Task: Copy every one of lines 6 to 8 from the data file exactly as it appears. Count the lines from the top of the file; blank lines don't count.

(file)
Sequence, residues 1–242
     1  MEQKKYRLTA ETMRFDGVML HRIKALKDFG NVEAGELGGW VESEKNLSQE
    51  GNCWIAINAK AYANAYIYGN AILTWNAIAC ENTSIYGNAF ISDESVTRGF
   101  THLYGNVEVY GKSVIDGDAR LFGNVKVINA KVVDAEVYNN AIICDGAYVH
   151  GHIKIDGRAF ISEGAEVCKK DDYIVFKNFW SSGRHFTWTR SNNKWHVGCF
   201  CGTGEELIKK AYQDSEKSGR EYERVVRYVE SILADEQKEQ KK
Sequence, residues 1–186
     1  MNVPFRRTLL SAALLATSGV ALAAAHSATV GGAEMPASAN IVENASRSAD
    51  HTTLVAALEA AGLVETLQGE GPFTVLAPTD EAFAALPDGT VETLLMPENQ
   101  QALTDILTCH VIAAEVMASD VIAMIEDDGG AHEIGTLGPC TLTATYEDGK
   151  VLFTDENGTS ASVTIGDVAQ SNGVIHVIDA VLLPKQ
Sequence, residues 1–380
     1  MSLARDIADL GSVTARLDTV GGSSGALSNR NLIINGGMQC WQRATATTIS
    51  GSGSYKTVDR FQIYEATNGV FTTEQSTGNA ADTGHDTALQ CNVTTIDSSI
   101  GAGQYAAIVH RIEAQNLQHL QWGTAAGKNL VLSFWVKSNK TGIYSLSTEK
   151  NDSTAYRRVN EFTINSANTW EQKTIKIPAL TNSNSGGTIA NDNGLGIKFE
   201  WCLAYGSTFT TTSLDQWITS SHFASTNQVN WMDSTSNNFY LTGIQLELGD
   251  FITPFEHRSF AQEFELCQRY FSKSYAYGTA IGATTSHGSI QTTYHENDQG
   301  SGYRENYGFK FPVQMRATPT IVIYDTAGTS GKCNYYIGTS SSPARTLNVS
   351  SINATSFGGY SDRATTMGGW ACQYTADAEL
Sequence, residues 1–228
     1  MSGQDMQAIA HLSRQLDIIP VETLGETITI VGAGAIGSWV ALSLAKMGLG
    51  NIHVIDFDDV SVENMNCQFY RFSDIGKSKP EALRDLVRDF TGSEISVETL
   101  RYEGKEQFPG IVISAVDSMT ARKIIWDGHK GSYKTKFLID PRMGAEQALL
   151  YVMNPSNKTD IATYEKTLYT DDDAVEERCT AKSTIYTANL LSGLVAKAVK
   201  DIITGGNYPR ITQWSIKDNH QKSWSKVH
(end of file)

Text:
   201  CGTGEELIKK AYQDSEKSGR EYERVVRYVE SILADEQKEQ KK
Sequence, residues 1–186
     1  MNVPFRRTLL SAALLATSGV ALAAAHSATV GGAEMPASAN IVENASRSAD